Spain’s public accounts are still in the red. By the end of the year, the fiscal balance will be almost –4.6% of GDP, meaning that the country will once again post a budget deficit, in fact for the ninth consecutive year, and the level of debt of public administrations will therefore remain close to 100% of GDP.
With the year about to end, it is a good time for the country to concentrate on preparing the accounts for 2017. In this respect, in October the caretaker government presented the budgetary plan (PGE in Spanish) for 2017, which is an extension of the 2016 budget, leaving the work of reducing the fiscal balance to economic growth. Specifically, according to the PGE, the 2.3% GDP growth forecast will help to reduce the fiscal balance by 0.8 pps to 3.6% of GDP.1
This improvement in the public accounts will come both from revenue and expenditure. In the case of revenue, the government estimates that the good trend in employment (2.2% in 2017) will boost Social Security contributions, which will grow by 2.5% in 2017, somewhat below the growth expected for 2016 but in line with the economic growth predicted. Regarding tax revenue, the PGE estimates that taxation on production and imports (mainly VAT) will increase by 3.7%, therefore maintaining a similar trend to the one observed in 2016 and in line with the macroeconomic scenario predicted by the PGE. The PGE also estimates that taxation on income and wealth will recover in 2017 after falling in 2016 due to the tax reforms passed in 2015. In this respect, the recently approved increase in advance payments of corporate tax will boost the recovery in the tax revenue collected in 2017 and will also offset the drop in revenue experienced in 2016.2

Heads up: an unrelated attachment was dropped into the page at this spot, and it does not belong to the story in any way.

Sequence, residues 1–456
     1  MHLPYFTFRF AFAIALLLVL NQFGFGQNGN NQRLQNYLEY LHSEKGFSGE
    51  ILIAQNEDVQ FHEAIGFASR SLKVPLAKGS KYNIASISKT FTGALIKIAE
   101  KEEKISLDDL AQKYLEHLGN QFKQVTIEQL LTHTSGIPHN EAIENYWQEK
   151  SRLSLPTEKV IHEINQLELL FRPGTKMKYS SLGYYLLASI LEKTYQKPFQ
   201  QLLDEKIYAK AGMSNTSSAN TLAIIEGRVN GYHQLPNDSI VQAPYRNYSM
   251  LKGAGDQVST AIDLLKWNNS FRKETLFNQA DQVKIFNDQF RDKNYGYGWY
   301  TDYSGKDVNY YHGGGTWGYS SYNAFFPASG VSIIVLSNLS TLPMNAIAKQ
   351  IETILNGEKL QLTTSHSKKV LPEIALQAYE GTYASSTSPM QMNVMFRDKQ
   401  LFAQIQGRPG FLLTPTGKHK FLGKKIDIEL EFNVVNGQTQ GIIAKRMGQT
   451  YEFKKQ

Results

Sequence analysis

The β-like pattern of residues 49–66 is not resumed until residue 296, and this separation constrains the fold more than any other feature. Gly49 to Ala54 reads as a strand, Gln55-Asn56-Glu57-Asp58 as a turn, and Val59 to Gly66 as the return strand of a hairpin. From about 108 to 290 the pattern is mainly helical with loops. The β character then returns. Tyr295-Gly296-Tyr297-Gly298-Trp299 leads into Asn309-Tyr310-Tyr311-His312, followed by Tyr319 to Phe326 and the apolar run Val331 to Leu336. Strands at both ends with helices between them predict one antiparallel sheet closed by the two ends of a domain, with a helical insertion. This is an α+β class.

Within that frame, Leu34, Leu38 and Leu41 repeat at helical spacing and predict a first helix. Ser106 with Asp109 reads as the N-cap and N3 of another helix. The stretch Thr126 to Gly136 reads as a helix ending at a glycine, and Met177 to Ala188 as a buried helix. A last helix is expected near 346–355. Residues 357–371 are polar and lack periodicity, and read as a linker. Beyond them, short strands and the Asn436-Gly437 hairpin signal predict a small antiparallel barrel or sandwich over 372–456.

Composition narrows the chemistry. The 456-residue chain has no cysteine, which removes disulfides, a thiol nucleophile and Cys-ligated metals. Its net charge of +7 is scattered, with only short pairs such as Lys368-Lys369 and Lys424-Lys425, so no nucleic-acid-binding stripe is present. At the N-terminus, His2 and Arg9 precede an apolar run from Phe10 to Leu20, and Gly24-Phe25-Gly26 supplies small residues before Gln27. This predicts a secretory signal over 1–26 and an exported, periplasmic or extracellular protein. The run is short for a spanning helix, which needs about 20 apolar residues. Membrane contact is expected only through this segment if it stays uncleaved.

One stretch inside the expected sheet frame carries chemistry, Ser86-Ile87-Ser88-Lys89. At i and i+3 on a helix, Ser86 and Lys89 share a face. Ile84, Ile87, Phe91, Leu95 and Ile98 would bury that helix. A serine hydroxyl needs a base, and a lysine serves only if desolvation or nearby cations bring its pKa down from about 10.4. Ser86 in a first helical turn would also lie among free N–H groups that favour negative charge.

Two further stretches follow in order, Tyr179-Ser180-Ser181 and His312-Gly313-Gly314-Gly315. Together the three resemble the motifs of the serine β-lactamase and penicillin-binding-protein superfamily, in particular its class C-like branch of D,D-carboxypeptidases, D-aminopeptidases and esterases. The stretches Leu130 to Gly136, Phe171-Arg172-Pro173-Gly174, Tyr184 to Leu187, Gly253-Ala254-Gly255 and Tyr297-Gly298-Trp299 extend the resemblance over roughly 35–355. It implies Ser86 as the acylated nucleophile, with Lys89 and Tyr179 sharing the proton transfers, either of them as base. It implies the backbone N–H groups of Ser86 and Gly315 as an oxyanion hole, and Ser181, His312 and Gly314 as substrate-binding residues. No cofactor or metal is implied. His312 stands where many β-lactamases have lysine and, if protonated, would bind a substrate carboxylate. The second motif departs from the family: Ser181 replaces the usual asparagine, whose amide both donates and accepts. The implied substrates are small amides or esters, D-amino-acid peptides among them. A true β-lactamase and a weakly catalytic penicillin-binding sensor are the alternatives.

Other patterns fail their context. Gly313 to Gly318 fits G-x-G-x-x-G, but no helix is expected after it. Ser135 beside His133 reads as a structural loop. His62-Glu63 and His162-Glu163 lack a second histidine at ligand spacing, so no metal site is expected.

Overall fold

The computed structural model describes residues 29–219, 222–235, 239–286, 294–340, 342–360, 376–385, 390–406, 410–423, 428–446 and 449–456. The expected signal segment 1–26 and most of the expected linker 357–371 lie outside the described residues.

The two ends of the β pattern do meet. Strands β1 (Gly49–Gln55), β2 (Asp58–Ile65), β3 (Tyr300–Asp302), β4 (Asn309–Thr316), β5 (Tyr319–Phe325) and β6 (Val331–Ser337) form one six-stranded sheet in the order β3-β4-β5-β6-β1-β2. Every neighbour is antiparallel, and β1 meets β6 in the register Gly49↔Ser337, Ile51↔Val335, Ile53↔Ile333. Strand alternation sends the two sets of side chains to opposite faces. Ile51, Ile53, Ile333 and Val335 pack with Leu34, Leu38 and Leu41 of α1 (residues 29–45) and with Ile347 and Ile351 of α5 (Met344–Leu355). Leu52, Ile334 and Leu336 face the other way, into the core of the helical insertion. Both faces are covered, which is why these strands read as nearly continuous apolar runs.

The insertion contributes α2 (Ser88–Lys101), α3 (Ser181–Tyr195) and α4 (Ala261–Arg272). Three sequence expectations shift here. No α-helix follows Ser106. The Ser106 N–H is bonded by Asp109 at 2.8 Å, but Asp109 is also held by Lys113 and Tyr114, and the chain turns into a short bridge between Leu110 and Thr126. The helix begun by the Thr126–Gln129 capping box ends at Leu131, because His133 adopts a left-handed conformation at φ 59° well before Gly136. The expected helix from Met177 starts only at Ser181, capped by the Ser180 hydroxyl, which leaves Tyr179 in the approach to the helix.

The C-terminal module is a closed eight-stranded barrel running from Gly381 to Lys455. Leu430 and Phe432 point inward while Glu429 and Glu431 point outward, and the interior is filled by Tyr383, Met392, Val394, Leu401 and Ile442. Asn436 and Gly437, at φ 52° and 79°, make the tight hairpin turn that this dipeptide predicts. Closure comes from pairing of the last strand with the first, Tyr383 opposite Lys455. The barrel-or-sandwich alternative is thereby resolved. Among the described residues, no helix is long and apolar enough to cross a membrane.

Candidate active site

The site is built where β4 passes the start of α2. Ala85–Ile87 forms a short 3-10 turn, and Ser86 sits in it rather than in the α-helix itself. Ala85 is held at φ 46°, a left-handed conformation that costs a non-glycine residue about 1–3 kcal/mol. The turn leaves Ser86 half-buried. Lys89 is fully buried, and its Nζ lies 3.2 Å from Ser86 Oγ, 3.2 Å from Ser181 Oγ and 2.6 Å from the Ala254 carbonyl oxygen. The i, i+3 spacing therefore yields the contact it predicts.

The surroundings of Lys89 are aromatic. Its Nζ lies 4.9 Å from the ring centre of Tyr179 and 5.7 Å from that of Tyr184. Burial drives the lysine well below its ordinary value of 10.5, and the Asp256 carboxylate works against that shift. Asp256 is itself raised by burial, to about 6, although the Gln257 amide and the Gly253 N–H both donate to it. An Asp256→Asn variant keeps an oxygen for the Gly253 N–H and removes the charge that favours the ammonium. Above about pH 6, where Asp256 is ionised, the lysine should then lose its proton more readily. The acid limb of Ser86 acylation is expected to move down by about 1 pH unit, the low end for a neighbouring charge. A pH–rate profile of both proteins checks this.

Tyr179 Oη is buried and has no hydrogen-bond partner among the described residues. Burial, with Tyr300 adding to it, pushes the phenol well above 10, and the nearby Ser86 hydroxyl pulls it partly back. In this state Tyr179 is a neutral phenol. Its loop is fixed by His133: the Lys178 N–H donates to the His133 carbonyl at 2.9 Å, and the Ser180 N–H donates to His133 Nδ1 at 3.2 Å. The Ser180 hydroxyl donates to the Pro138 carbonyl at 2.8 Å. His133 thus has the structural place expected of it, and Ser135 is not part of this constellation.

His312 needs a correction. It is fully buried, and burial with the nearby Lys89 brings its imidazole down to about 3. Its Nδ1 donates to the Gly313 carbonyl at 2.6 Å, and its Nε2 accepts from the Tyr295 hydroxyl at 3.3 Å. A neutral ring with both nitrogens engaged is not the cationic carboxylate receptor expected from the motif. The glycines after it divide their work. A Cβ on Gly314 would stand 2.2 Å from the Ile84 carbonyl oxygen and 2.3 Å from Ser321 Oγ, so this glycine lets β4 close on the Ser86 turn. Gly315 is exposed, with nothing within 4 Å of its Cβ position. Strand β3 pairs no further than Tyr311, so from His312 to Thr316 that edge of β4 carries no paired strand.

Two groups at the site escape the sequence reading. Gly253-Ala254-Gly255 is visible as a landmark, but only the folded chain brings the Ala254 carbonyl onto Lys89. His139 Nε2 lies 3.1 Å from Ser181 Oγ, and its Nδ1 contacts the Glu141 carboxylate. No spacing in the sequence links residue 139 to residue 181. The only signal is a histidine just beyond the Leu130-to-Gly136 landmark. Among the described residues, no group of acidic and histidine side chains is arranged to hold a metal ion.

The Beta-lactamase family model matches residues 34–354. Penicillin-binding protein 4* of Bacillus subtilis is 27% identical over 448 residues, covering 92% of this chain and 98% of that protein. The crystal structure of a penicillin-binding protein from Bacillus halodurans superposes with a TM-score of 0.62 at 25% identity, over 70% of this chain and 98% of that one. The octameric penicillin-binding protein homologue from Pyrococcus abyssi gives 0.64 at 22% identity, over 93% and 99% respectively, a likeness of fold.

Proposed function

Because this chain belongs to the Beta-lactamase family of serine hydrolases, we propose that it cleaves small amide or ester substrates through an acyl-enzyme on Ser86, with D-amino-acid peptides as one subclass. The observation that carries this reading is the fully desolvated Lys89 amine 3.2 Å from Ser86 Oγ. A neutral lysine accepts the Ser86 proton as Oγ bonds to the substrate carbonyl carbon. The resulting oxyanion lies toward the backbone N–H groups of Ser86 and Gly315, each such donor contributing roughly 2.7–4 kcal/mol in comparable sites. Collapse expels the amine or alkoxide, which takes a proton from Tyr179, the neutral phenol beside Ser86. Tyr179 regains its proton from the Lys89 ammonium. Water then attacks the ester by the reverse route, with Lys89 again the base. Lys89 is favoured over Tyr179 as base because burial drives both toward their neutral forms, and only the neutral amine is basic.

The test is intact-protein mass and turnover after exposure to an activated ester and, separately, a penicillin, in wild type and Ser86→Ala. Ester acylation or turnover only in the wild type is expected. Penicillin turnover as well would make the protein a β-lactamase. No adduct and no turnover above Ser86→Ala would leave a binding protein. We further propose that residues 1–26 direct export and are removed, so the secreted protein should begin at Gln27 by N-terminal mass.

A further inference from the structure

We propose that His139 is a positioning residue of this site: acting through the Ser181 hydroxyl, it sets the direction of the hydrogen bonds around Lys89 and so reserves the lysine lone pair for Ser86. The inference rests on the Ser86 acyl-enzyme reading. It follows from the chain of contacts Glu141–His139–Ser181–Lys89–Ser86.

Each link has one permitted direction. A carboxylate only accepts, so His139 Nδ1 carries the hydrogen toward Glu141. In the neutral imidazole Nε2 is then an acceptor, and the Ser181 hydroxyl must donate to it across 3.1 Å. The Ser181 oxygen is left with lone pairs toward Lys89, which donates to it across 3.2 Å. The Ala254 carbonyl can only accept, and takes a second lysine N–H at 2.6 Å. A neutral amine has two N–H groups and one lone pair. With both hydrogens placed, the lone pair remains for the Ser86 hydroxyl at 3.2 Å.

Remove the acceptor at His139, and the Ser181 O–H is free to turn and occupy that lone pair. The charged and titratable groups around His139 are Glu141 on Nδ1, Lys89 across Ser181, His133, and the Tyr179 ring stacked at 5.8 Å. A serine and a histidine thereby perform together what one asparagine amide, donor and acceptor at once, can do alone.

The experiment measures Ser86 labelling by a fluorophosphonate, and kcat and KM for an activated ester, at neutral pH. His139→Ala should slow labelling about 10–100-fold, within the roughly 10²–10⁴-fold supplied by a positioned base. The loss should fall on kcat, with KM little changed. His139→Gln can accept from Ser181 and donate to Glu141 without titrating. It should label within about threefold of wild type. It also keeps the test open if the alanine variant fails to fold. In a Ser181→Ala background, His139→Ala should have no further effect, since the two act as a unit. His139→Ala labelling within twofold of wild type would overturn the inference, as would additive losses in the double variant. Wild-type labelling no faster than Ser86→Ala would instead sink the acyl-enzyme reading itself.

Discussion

In the case of expenditure, the almost 2 pps drop in unemployment will reduce spending on unemployment assistance by 7% according to the 2017 budgetary plan, a figure somewhat lower than the one recorded up to September 2016 (–10%) but which is also in line with the expected trend in economic activity. Another item that is expected to decrease is expenditure on interest payments. Specifically, the government estimates this will fall by 0.3%. This forecast is actually quite conservative given that the average maturity of the country’s public debt is seven years and interest rates are at a considerably lower level than those observed several years ago. In fact, up to September 2016, central government expenditure on interest payments had fallen by 5% compared with the same period in 2015.
In short, the estimates contained in the PGE, according to which economic growth will help to reduce the general government deficit to 3.6% of GDP in 2017, seem plausible. Moreover, with the aim of achieving the 3.1% target agreed with the European Commission, the government has passed a further package of budgetary measures to reduce spending and increase revenue, valuing the whole of these measures at 7.5 billion euros.
It should be noted that measures to reduce the fiscal balance are necessary in order for public debt to begin to fall. It is therefore prudent to take advantage of the good momentum enjoyed by the Spanish economy at present to sort out the country’s accounts and thereby have more margin to tackle any future storms.
1. In December the government presented an update of the macroeconomic situation which includes an upward revision of GDP growth in 2017 to 2.7%.
2. In 2016 this measure was applied as from the second advance payment. In 2017 the measure will affect all three payments.